I recently bought a set of steps like that from someone else who wanted one but had to buy a few! Bargain for me! :) Each leg adjustable for height, nice flat steps, gentle slope, just how I was going to have to get expensively built at some point!! :wings:
TBH I've not really calculated. The main tank gives me about 1000 miles so by the time I get to the end of a tank I forget where I wrote down the starting mileage. When I start doing longer travels I'll work it out properly. From some quick calculations I did when I bought the truck, I reckon I'm getting about 13mpg on longer journeys. Diesel will get fairly expensive when I'm driving long distances but I have 650 litres of storage in the two chassis tanks (without any jerry cans) so I can fill up where fuel is cheap and drive through the expensive areas.

The steps are great. I've seen single sets going on Ramco auctions since I bought mine though. I don't regret buying the eight though because whilst I was at Withams, I bought a almost unused Tirfor winch (3.5 tonnes) and 20m of cable for pittance, and with it came three unused 5 tonne exhaust jacks. I sold the exhaust jacks for most of the cost of everything together.

nick disjunkt

I recently got Jim back from Brownchurch who made a roofrack for me. It supports the heavy awning and I'll fit eight 100w solar panels to it when I've run the wiring for them. It's made from steel angle and was hot-dip galvanised. I've got some 12mm buffalo board (birch plywood with a textured laminate surface) to cover the unused areas with, and I'll make up some covers out of the same stuff to cover the roof hatches if I ever need to ship Jim anywhere.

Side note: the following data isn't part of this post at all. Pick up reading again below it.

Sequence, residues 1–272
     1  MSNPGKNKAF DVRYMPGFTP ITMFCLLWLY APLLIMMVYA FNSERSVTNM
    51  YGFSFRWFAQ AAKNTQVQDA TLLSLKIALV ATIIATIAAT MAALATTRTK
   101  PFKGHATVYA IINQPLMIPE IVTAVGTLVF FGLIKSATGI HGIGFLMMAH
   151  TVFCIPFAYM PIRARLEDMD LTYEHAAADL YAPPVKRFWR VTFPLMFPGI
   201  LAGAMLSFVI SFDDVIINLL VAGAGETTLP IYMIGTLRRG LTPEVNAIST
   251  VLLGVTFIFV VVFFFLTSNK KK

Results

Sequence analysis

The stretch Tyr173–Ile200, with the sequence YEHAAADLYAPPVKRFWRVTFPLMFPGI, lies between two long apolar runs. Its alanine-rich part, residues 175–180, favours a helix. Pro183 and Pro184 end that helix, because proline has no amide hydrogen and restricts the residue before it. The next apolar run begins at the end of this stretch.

Here's the blog entry with some background information:




It's looking good, I opted for the Brownchurch rack for my Discovery and was very impressed with the quality and service.

nick disjunkt

I've all but finished the nearside bench seat. There's a small bit of cladding to complete over the electrical locker, the teak needs a final coat of varnish, and it obviously needs upholstering. I'll probably leave the upholstering until most of the dirty work is finished.

I'm impressed with the Lagun table so far. Thanks to Earthcruiser for the idea!

Here's the two blog posts I did on the seat: